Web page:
skip to Main Content


DAYTON (May 1, 2018) – The Dayton Visual Arts Center (DVAC) presents Ray Hassard and Marlene Steele: Urban Landscapes, opening May 4 th and closing June 16th 2018. Urban Landscapes is a collection of expansive pastels and oils inspired by the stark shape of machines and buildings in the constantly changing cityscapes of the Midwest. The two artists themselves proposed the exhibition to DVAC “as an example of revitalization of American infrastructure.” Ray Hassard’s work, like Steele’s, reflects a city in action, a sense of motion and change, city views beyond a doubt. Hassard reversed the usual artist journey: born New York City, worked there, some thirty years ago moved to the Midwest and has long been a Cincinnati resident.


Ray Hassard was born in Freeport, NY in 1949. He grew up in the New York City area and studied at Pratt Institute. After moving to Buffalo, NY in 1977, urban landscapes became his primary artistic theme. Ray won several commissions, most notably one to create and install a large wall piece for the subway the city was building. In 1987, after moving to Cincinnati, he became co-owner, publisher, and art director of American Record Guide, a bi-monthly magazine reviewing classical music CDs. Hassard is represented by Cincinnati Art Galleries in Cincinnati, OH, Oxford Gallery in Rochester, NY, and Patricia Hutton Galleries in Doylestown, PA.

Marlene Steele is a Cincinnati based, Kentucky born fine artist and calligrapher who creates beautifully rendered portraits and landscapes in pastel, watercolor and oil. She teaches her studio skills in oil painting, watercolor and pastels in workshops and serial classes. Working with student interest of all ages and experience levels, Steele enjoys helping students develop their potential and specific interests.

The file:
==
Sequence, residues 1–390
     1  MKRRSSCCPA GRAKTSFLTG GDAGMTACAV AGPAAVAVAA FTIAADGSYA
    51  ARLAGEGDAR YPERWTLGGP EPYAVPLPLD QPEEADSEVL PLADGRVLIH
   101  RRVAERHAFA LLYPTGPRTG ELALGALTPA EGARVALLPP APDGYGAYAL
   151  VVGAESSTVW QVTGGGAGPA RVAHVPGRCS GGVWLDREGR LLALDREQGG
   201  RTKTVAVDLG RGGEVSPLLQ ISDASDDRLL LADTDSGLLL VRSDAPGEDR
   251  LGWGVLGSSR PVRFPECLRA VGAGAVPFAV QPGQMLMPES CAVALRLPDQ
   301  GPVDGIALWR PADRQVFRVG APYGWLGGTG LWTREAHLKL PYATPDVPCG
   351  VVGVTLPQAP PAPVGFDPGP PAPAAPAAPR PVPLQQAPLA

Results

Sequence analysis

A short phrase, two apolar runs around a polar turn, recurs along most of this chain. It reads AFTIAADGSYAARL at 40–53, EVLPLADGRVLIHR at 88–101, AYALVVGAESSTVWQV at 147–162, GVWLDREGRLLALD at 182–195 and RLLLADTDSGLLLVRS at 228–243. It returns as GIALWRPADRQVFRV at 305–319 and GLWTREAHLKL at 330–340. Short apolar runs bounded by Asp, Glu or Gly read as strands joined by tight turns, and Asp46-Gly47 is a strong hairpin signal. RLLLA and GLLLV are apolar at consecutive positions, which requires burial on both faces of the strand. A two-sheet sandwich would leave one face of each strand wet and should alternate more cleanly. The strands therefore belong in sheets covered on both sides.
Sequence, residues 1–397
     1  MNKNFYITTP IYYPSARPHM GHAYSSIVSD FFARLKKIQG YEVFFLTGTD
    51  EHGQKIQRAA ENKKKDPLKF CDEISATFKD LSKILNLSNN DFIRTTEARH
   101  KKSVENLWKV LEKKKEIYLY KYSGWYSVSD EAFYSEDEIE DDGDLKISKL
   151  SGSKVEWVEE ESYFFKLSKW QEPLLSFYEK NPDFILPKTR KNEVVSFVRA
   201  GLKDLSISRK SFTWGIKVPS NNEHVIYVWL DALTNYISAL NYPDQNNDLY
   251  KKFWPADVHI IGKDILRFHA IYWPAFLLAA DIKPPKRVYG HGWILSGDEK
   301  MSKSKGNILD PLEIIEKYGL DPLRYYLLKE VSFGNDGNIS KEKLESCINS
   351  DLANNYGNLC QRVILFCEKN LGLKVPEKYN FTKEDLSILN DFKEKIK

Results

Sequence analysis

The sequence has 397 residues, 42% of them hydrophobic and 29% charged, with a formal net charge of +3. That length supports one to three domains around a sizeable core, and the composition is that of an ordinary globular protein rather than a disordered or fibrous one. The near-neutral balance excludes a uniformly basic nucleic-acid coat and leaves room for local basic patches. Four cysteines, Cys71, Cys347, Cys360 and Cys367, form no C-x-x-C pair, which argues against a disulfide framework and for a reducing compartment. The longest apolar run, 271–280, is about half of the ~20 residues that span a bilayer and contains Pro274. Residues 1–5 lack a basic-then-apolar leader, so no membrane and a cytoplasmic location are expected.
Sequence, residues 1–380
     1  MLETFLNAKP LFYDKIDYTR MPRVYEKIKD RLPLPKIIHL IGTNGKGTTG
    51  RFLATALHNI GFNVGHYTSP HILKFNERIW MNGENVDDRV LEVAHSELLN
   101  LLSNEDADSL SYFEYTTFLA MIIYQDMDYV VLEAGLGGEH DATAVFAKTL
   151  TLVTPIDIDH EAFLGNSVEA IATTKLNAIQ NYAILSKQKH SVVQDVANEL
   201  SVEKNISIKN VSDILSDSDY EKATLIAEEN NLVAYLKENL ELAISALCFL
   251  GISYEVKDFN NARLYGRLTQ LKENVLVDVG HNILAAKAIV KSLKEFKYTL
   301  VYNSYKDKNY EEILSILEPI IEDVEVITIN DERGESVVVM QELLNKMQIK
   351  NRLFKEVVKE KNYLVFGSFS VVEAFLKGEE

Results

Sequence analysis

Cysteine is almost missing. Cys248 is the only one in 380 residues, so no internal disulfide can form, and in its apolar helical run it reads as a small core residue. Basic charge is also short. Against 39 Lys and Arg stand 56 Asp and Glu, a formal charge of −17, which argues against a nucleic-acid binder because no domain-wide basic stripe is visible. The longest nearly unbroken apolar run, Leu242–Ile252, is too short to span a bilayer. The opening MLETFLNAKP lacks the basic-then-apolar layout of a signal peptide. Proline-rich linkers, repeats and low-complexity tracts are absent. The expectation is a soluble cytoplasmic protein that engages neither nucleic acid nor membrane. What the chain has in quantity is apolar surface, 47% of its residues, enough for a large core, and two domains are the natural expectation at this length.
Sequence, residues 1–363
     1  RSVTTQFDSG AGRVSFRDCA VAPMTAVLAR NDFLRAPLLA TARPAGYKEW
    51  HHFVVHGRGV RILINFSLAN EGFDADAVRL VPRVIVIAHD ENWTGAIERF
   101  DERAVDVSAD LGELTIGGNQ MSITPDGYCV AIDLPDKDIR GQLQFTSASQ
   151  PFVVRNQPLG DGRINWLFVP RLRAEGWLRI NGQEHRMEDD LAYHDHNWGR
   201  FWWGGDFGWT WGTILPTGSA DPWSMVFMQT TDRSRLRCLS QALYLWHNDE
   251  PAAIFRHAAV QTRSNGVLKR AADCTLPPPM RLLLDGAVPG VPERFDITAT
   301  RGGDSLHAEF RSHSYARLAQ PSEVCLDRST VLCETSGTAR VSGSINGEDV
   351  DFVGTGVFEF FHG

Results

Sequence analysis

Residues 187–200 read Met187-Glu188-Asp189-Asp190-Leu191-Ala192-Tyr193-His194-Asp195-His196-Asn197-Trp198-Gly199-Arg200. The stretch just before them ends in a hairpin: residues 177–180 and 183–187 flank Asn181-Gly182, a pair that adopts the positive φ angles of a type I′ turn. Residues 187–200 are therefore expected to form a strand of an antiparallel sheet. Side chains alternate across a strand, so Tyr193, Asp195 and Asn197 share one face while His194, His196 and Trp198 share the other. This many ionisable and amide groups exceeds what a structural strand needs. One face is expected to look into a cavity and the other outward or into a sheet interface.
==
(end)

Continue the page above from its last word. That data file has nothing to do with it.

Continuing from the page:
Steele is a member of the Portrait Society of America and is currently serving as this Society’s Arts Ambassador to Ohio, a multi-year commitment to the core mission of the national organization. She also enjoys Signature membership at the Cincinnati Art Club. Her studio is a former cigar box factory in Cincinnati’s West End.


Artists of all levels are invited to join artists Ray Hassard and Marlene Steele on a downtown Dayton en plein air Paint Out. Plein air Paint Outs have been a DVAC tradition since 2005. Paint Outs have received rave reviews from members and nonmembers alike who enjoy the many benefits that participation has to offer, including the opportunity to network and socialize with other artists in a plein air setting and enjoying the beautiful vistas that members have selected to paint. The Paint Out will take place June 2nd from 10 am – 3 pm and a Critique & Reception will follow from 3-6 pm.

An Opening Reception for Ray Hassard and Marlene Steele: Urban Landscapes will take place May 4 th from 6-9 pm and a Gallery Talk will take place May 24th from 6-9 pm, both at DVAC located at 118 N. Jefferson St.


Hasard and Steele were selected through the 2014 Biennial Call for Exhibitions, juried by Jason Franz, Founding Executive Director & Chief Curator, Manifest Creative Research Gallery and Drawing Center, Cincinnati; John Kortlander, Professor, Drawing & Painting, Columbus College of Art and Design and 2012 DVAC Biennial Call Artist; and Liz Maugens, Co-Founder & Director, Zygote Press, Cleveland.

Exhibition Partners for this show are Amelia Hounshell and Brian Albrecht. Education & Public Program Sponsors are Dr. Robert L. Brandt, Jr., and Susan Strong and Bob Pohl.